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Thorax 57:973-978 doi:10.1136/thorax.57.11.973
  • Original articles

Exposure to indoor combustion and adult asthma outcomes: environmental tobacco smoke, gas stoves, and woodsmoke

  1. M D Eisner1,2,
  2. E H Yelin3,
  3. P P Katz3,
  4. G Earnest1,
  5. P D Blanc1,2,4
  1. 1Division of Occupational and Environmental Medicine, Department of Medicine, University of California, San Francisco, USA
  2. 2Division of Pulmonary and Critical Care Medicine, Department of Medicine, University of California
  3. 3Institute for Health Policy Studies, University of California
  4. 4Cardiovascular Research Institute, University of California
  1. Correspondence to:
    Dr M D Eisner, University of California San Francisco, 350 Parnassus Ave, Ste 609, San Francisco, CA 94117, USA;
    eisner{at}itsa.ucsf.edu
  • Accepted 2 August 2002
  • Revised 15 July 2002

Abstract

Background: Because they have chronic airway inflammation, adults with asthma may be particularly susceptible to indoor air pollution. Despite widespread exposure to environmental tobacco smoke (ETS), gas stoves, and woodsmoke, the impact of these exposures on adult asthma has not been well characterised.

Methods: Data were used from a prospective cohort study of 349 adults with asthma who underwent structured telephone interviews at baseline and 18 month follow up. The prospective impact of ETS, gas stove, and woodsmoke exposure on health outcomes was examined.

Results: ETS exposure at baseline interview was associated with impaired health status at longitudinal follow up. Compared with respondents with no baseline self-reported exposure to ETS, higher level exposure (≥7 hours/week) was associated with worse severity of asthma scores at follow up, controlling for baseline asthma severity, age, sex, race, income, and educational attainment (mean score increment 1.5 points; 95% CI 0.4 to 2.6). Higher level baseline exposure to ETS was also related to poorer physical health status (mean decrement –4.9 points; 95% CI –8.4 to –1.3) and asthma specific quality of life (mean increase 4.4 points; 95% CI –0.2 to 9.0) at longitudinal follow up. Higher level baseline ETS exposure was associated with a greater risk of emergency department visits (OR 3.4; 95% CI 1.1 to 10.3) and hospital admissions for asthma at prospective follow up (OR 12.2; 95% CI 1.5 to 102). There was no clear relationship between gas stove use or woodstove exposure and asthma health outcomes.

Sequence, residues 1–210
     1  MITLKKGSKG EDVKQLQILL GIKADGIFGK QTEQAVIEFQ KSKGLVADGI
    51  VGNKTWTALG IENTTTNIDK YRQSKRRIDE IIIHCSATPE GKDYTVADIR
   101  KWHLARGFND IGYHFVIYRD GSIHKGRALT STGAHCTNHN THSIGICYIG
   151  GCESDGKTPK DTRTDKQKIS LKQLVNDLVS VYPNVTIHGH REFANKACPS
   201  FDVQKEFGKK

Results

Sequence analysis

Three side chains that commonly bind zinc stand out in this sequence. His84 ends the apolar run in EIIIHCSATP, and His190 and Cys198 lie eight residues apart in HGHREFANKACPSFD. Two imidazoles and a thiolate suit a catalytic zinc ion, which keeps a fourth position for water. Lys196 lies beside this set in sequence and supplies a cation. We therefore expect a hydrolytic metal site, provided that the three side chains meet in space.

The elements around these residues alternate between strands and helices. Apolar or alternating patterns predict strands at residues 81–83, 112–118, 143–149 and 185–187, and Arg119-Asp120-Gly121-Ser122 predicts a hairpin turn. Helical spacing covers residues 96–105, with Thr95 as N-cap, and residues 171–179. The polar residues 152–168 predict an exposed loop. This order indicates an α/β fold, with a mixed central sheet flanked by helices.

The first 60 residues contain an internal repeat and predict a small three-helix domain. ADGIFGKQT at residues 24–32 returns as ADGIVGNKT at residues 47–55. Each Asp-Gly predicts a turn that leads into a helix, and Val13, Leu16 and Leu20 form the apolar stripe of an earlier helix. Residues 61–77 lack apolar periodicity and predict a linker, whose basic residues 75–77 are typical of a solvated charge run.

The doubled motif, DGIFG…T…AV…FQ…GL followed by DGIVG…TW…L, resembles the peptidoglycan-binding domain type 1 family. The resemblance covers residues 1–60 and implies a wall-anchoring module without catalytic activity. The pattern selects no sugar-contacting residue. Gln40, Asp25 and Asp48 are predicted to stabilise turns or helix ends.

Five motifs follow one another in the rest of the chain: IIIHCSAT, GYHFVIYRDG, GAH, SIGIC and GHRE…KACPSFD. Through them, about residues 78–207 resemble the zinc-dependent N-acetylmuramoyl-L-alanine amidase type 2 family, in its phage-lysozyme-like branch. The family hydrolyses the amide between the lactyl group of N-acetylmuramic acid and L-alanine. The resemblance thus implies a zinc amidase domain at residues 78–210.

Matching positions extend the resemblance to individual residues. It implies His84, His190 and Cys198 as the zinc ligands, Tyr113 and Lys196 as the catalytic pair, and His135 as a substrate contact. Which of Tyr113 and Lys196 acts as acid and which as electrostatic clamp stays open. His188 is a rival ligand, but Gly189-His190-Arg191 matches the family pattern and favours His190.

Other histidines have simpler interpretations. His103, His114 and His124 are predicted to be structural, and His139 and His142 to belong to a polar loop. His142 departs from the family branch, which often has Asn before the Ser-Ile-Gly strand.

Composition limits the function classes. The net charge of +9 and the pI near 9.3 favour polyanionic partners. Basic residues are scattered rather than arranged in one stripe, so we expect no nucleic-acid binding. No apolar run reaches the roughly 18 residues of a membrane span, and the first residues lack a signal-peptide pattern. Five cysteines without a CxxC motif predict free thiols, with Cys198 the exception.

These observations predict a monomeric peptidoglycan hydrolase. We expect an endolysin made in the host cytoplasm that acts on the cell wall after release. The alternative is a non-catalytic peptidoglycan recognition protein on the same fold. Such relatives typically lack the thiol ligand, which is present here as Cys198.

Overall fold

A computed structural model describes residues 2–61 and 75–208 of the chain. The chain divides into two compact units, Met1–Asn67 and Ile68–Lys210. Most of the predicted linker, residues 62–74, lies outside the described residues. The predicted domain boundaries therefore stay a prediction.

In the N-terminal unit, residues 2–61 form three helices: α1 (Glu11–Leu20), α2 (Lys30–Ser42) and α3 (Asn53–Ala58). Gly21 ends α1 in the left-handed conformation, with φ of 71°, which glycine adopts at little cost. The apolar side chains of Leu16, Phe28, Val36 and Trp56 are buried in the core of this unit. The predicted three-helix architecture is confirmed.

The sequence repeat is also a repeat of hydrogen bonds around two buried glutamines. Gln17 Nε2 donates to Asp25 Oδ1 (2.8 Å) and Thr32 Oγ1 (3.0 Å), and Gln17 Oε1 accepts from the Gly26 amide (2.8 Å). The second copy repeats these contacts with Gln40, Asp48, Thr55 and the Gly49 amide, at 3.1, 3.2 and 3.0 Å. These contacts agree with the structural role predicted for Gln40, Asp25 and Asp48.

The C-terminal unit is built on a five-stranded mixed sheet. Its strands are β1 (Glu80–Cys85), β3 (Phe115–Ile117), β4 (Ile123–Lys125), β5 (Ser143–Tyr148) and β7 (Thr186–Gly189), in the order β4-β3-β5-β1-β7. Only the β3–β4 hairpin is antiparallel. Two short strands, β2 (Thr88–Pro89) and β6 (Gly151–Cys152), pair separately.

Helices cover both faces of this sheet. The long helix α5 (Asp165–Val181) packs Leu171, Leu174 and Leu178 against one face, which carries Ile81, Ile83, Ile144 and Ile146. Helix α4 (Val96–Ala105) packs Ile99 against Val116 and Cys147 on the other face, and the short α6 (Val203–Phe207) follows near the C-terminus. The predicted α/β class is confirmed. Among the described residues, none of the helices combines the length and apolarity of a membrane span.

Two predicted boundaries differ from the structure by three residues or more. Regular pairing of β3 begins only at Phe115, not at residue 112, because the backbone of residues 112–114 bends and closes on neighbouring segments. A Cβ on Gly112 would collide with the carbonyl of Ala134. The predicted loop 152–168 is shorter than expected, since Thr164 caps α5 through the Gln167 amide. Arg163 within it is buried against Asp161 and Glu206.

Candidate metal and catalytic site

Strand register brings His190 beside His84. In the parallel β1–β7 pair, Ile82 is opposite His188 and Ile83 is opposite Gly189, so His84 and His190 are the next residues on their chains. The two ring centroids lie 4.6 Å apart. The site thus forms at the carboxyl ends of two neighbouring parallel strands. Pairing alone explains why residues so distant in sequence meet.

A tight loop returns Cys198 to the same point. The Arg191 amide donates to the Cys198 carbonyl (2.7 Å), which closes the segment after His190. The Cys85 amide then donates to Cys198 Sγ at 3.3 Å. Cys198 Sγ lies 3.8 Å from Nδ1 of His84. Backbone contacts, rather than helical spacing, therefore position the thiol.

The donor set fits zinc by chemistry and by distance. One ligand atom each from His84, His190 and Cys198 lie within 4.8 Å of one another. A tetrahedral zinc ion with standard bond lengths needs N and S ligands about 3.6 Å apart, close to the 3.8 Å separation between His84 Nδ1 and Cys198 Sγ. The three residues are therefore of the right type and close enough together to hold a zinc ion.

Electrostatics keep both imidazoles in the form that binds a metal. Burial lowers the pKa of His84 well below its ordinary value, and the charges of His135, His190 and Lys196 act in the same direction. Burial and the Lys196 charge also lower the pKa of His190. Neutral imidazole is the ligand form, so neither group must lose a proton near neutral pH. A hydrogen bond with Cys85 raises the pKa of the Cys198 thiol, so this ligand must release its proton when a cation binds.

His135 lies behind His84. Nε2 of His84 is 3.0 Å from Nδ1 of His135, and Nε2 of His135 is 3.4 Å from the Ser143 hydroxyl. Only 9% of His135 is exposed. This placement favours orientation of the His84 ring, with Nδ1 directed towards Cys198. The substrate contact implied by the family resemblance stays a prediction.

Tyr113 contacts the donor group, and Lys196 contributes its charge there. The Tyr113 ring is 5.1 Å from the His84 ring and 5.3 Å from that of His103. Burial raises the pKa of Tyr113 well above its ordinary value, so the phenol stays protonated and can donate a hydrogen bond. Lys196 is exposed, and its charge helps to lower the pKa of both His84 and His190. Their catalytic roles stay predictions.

Conclusion: Although gas stove and woodstove exposure do not appear negatively to affect adults with asthma, ETS is associated with a clear impairment in health status.

Footnotes